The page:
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Workplace Absence of the Week: H1N1 Flu

fluWith huge potential to cause workplace absences, H1N1 influenza is top of mind for most companies.

Influenza is an acute respiratory infection caused by one of three types of influenza viruses in the Orthomyoxoviridae family of viruses, which evolved from the combination of genes from human, pig, and bird flu. This strain has not been found in humans before, but its predecessor caused an international influenza outbreak (pandemic) more than 40 years ago (“2009-10 Influenza”).

The first cases of A H1N1 influenza were identified on April 2009, and by June 2009 the World Health Organization (WHO) declared the presence of a global pandemic (stage 6) after evidence of spreading in the southern hemisphere.

Initially, the severity of the 2009 outbreak was uncertain because most people are susceptible to this new strain of H1N1. Fortunately, most cases have been mild so far; the highest H1N1 flu-related morbidity and mortality rates have been reported among individuals of extreme ages, or those with other underlying medical conditions such as asthma, diabetes, obesity, heart disease, or a weakened immune system.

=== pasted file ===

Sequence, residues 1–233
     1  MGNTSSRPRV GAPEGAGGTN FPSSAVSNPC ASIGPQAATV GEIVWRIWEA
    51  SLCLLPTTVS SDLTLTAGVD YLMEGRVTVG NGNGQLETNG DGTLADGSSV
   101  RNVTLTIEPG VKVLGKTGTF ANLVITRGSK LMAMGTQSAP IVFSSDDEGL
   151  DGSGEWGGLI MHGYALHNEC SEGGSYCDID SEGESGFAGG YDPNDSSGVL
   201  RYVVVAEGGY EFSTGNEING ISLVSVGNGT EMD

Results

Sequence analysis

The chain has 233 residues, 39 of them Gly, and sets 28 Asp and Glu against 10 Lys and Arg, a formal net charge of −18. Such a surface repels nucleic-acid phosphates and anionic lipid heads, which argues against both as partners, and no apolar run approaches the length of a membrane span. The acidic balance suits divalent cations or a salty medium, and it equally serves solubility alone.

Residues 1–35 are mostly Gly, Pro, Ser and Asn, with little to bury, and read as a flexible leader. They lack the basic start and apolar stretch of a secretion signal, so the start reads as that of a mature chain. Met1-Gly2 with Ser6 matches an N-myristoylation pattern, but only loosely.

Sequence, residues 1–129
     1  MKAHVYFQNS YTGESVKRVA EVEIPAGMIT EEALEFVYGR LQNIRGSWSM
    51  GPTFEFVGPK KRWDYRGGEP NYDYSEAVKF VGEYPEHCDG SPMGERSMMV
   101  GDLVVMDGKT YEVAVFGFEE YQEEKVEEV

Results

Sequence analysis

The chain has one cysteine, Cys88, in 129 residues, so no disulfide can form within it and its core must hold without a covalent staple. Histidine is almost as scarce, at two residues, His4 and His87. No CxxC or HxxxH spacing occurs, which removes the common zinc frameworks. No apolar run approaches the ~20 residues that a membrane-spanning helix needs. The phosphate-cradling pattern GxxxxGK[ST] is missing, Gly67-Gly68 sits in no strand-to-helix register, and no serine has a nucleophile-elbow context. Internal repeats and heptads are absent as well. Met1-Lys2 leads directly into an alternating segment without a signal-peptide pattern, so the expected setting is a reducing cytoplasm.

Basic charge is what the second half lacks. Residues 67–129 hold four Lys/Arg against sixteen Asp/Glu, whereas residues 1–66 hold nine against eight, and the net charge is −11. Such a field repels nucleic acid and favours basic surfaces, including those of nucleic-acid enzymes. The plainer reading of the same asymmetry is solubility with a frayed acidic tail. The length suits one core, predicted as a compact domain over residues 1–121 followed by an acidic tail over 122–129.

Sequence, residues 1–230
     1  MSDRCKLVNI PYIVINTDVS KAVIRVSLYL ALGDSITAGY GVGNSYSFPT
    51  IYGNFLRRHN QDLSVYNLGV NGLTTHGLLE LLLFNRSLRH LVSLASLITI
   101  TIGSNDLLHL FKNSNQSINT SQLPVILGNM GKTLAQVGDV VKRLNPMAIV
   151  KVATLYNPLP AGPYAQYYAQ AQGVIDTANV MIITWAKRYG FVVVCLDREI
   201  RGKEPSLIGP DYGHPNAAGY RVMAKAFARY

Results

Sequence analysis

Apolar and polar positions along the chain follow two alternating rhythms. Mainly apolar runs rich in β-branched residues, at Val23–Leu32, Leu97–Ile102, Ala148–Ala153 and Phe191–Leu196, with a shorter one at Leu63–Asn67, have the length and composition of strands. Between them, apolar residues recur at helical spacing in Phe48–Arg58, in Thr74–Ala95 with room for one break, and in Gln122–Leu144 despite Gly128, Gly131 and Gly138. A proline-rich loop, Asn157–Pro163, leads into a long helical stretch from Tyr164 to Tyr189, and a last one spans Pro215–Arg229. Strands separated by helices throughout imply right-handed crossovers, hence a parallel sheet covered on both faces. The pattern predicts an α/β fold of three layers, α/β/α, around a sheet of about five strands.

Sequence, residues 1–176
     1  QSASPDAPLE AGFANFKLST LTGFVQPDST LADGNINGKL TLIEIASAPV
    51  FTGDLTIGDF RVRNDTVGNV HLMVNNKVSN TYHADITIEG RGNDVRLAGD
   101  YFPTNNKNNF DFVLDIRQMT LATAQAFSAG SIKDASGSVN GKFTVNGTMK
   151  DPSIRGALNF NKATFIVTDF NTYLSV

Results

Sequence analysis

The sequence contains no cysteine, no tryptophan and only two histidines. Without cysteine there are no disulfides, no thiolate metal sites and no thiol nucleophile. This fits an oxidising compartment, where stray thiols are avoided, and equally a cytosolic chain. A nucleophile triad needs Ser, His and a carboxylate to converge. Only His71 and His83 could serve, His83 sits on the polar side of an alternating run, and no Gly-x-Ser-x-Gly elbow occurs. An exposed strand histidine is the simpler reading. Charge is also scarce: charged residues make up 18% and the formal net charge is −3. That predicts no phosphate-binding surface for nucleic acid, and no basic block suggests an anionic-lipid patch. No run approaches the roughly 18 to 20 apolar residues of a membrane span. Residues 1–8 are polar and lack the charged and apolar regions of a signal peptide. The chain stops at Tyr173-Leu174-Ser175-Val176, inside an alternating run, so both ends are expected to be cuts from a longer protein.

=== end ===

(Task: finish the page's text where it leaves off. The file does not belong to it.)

H1N1 flu symptoms are similar to those produced by other flu strains: fever, cough, sore throat, headache, body aches, chills, fatigue, vomiting, and diarrhea.

The H1N1 virus is susceptible to antiviral drugs, such as oseltamivir and zanamivir (neuraminidase inhibitors); sporadic cases of virus resistance have been reported. However, prevention of the transmission have been stressed has one of the best resources to fight the pandemic, with a combination of measures such has frequent hand washing; avoiding touch the own eyes, nose or mouth; minimizing social physical contact; avoiding crowded situations, and covering the nose and mouth with tissue or the upper sleeve when sneezing.

The efficacy of the use of a facemask to decrease the risk of virus transmission is difficult to assess, so its use is only recommended for persons at increased risk of severe illness from influenza, and in healthcare settings that involve contact with people who have an influenza-like illness (ILI). Individuals with an ILI (fever and at least cough or sore throat, and possibly other symptoms such as runny nose, headaches, body aches, chills, fatigue, vomiting and diarrhea) should stay home, avoid contact with other people as much as possible, and avoid travel, for at least 24 hours after the disappearance of fever, except to get medical care; fever should have disappeared without the use of antipyretic drugs.

The optimum duration for all job classes is 7 days.

To read more about H1N1, go to MDGuidelines.com.


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